Monday, August 1, 2011

Inside Job

My wife and I watched Charles Ferguson's Inside Job on one of the cable channels last night.  The film is one of the best documentaries in the past decade--based on my limited sample it is second only to Errol Morris's Fog of War.  One of the film's premises is wrong, though. The financial system did not operate well before 1980.  Mr. Ferguson may not remember the 1970s' stagflation (13.5% inflation in 1980 plus 9.7% and 9.6% unemployment in 1982 and 1983 respectively), when the economy was worse than now.  The American financial system has been unstable since the establishment of the Federal Reserve Bank, but Ferguson glosses over the role that the Fed played as the source of the bank credit that expanded so rapidly in the early 2000s.  In fact, the massive expansion of real estate loans that caused the problems beginning in 2007 was due to the Fed's core mission of managing the money supply. Milton Friedman was as much to blame for today's fallen economy as his acolytes Ben Bernanke and Alan Greenspan. 

As well, the film overrates regulation.  There were bubbles in the 1950s and 1960s, including the "nifty fifty" bubble of the late 1960s and, as well, corrective recessions in the 1950s, 1960s, and 1970s.  The greater degree of regulation of that era was not what caused the post-war bubbles and recessions to be less severe than the early and late 1970s, early 1980s and today's. (Of these the early 1980s was the worst period, although today's problems are likely to be extended much longer, possibly for decades.)

Rather, the Fed was constrained from printing money by the gold standard, which Nixon abolished in 1971. Subsequently, there was the stiff inflation of the late 1970s, followed by the sharp correction of 1979-82, followed by the 25-year bubble starting in 1982. Reagan reignited inflation (why sources like Newsmax keep attributing Volker's policies to Reagan is a mystery; Carter appointed Volker and Volker's anti-inflation policies were initiated under Carter), and the 25 years of stock and real estate bubbles were largely due to the Republicans, especially Reagan and George W. Bush.  The excuse that the Democrats pushed for sub-prime mortgages is lame. Had the Fed expanded the money supply as it did under George W. Bush and there were no sub-prime mortgages there would have been other kinds of bubbles and similar results now.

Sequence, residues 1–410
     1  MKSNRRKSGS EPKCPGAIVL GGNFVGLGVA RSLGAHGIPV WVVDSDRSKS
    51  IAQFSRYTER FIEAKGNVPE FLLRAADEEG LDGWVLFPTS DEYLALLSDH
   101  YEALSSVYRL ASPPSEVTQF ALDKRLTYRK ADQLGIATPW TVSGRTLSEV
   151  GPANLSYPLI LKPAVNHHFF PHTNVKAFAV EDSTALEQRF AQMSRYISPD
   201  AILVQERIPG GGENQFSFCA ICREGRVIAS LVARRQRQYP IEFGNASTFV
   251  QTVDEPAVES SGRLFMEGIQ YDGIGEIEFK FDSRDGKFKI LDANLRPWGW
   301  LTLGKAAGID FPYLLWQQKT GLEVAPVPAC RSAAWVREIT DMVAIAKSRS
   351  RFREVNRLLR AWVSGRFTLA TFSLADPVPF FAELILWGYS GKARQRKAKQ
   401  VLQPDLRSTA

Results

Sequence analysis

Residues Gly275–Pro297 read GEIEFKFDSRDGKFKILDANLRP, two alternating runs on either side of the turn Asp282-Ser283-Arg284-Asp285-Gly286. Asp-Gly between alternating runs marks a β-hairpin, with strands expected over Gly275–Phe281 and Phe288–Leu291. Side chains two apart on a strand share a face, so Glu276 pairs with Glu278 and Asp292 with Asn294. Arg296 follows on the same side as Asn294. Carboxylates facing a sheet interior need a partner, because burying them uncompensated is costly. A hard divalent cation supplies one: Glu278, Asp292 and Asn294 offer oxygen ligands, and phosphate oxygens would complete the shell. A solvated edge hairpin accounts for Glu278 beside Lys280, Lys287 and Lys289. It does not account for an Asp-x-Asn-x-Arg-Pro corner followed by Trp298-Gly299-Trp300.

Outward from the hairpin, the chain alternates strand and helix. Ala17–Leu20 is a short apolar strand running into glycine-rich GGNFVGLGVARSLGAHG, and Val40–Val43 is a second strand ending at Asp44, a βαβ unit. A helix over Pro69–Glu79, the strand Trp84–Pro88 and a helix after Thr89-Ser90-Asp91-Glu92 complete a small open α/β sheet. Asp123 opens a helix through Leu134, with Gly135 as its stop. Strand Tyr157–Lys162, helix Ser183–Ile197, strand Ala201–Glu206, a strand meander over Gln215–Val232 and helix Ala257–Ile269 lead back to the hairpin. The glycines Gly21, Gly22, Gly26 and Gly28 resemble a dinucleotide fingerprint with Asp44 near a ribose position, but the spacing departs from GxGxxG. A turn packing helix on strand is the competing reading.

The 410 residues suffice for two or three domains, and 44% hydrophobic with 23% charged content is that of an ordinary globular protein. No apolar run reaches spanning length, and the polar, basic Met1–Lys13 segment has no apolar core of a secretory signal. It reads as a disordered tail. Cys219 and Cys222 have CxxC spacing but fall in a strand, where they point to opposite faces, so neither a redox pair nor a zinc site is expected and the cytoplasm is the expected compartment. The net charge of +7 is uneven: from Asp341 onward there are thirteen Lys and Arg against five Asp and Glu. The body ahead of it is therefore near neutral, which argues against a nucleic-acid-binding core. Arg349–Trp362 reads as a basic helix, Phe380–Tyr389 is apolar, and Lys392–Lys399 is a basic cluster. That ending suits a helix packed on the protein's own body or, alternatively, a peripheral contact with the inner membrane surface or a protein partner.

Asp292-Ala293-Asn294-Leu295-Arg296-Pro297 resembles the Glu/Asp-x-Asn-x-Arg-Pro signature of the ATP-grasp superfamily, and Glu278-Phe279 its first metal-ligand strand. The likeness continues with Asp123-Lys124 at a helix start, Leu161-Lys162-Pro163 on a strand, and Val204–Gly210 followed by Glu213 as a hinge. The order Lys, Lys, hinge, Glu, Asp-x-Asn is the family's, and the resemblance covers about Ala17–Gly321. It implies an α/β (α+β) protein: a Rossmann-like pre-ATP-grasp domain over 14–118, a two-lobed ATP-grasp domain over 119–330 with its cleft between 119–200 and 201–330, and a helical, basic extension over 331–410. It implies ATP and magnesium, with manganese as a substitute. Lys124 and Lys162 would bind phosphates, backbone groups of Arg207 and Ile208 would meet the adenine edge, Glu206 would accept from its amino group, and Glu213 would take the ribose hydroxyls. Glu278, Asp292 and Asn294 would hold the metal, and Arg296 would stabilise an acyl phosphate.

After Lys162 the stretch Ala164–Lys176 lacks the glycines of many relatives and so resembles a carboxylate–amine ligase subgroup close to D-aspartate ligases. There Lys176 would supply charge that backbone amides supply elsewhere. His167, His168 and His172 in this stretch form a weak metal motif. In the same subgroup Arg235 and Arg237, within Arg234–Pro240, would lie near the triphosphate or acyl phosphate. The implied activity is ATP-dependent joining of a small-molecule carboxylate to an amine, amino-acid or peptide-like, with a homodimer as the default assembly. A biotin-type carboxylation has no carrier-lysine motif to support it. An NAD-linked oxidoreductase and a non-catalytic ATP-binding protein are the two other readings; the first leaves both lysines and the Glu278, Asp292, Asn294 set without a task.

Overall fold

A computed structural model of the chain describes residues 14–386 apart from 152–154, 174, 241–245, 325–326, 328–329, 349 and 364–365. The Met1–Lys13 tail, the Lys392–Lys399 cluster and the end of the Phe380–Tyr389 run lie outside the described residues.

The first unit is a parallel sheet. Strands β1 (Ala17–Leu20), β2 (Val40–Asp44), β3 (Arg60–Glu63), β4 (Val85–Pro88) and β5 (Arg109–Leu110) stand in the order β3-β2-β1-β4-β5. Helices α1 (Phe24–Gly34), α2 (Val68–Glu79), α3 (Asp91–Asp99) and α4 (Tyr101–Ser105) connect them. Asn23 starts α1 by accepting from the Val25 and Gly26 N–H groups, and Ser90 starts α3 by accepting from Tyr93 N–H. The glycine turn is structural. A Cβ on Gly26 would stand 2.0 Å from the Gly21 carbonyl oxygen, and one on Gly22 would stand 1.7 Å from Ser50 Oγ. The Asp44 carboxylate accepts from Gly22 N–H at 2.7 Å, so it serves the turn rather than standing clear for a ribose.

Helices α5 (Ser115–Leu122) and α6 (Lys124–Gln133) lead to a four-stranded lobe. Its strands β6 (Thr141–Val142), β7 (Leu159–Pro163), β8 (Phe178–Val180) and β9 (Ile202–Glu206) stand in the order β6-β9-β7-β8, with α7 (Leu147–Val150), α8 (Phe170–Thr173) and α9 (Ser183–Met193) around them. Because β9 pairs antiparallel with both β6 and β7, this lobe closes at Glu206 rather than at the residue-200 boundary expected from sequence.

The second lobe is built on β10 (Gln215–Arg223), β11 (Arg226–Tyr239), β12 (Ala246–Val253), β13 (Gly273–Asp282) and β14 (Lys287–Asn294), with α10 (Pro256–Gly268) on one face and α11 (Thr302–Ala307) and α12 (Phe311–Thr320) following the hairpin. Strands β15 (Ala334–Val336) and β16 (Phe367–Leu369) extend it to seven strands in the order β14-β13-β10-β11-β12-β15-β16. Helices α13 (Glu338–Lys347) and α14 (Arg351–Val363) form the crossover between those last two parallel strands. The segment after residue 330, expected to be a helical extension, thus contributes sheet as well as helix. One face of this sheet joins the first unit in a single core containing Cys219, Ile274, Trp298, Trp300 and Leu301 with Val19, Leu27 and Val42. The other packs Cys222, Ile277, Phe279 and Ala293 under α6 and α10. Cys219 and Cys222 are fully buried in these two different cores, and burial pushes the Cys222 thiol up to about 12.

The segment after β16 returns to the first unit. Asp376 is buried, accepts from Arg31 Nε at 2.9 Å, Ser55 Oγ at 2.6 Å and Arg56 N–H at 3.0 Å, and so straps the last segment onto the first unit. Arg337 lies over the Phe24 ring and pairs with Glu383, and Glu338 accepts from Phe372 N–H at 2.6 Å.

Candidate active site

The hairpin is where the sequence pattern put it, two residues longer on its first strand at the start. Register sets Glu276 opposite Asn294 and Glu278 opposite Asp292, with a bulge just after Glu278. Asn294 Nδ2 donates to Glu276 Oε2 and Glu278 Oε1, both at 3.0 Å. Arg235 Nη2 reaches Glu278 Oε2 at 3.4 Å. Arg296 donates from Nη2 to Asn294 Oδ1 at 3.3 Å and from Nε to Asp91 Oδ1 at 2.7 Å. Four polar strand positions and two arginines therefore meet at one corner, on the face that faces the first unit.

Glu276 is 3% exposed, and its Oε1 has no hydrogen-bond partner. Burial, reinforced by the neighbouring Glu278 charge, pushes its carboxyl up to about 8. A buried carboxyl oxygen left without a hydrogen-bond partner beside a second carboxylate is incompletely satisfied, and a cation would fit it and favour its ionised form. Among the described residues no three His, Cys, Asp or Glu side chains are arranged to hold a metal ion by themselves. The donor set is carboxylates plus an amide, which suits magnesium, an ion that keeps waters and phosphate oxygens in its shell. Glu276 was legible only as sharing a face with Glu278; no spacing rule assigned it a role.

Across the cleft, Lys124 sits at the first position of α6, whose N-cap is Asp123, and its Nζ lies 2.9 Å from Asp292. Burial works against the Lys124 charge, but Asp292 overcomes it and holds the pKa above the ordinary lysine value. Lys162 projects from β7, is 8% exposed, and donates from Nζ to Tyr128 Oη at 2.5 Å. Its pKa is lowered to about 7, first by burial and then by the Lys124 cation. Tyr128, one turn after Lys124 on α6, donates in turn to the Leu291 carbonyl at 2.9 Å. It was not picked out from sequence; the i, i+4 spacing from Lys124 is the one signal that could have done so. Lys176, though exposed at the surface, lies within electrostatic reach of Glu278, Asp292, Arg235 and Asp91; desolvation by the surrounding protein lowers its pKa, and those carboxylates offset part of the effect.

Thus, the film is marred by Ferguson's lack of understanding of the role of the central and commercial banks in creating any and every financial bubble starting with the first bubble in 1790, which involved speculation in the stock of the First Bank of the United States, and his failure to question the necessity for Wall Street and the financial industry at all--an industry that requires $16 trillion or more in public subsidies may be said to be a cancer on the economy, not a legitimate part of it.

Despite these criticisms the film is chock full of important information. The penultimate segment on the corruption of academia is understated. As a Columbia Business School Ph.D. alum I found it embarrassing to see two of the senior faculty (Professor Mishkin and Dean Hubbard) humiliating themselves in public, but the filmmakers did nothing wrong. The professors spoke for themselves. Actually, I think they are less corrupt than the left wing faculty who have for decades supported totalitarian murder in the name of humanism. Viva Che.

Inside Job gets a B+ or 88% for accuracy. For entertainment value, the grade is higher, A-. If you followed the news surrounding the bailout the information is not all that surprising, but it is well put together and it is fascinating to see some of the players. I had no idea that Lloyd Blankfein looks like a weasel, for instance. Weasels on welfare make for a spectacle indeed.


shutupnsing said...

Another winner Mitchell! A point by point, blow by blow "rest of the story". It is amazing how skillful the they are at tailoring their message to bypass reason and score a direct hit on our emotions...

Mitchell Langbert said...

Part of it may be bad education. Few in the general population have read Rothbard or von Mises and instead chant the superstitions of Paul Krugman and The New York Times. I don't think the guy who made this film has an agenda. I suspect he is badly educated, brainwashed if you will, to attribute phenomena that result from government and regulation to lack of government and regulation. I'm not sure what the solution is because Progressivism is so ingrained as religion that they will never give it up even if it kills them. They would rather die in the lion's den than deny Saint Franklin or the Prophet Keynes.